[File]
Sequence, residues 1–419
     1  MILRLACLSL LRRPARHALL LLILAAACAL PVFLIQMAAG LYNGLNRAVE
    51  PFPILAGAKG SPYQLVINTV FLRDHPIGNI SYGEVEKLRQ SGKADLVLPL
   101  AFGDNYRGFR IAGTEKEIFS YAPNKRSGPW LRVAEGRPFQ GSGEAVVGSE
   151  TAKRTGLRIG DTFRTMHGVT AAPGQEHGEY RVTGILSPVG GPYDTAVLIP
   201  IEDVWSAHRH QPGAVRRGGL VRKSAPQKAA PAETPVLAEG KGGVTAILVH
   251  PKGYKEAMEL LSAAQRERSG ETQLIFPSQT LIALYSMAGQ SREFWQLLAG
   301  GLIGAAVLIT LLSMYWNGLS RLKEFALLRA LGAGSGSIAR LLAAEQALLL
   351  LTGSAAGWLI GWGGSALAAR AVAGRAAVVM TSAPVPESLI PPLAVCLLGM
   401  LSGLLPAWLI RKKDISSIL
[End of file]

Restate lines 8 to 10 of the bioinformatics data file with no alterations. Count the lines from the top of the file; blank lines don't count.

   301  GLIGAAVLIT LLSMYWNGLS RLKEFALLRA LGAGSGSIAR LLAAEQALLL
   351  LTGSAAGWLI GWGGSALAAR AVAGRAAVVM TSAPVPESLI PPLAVCLLGM
   401  LSGLLPAWLI RKKDISSIL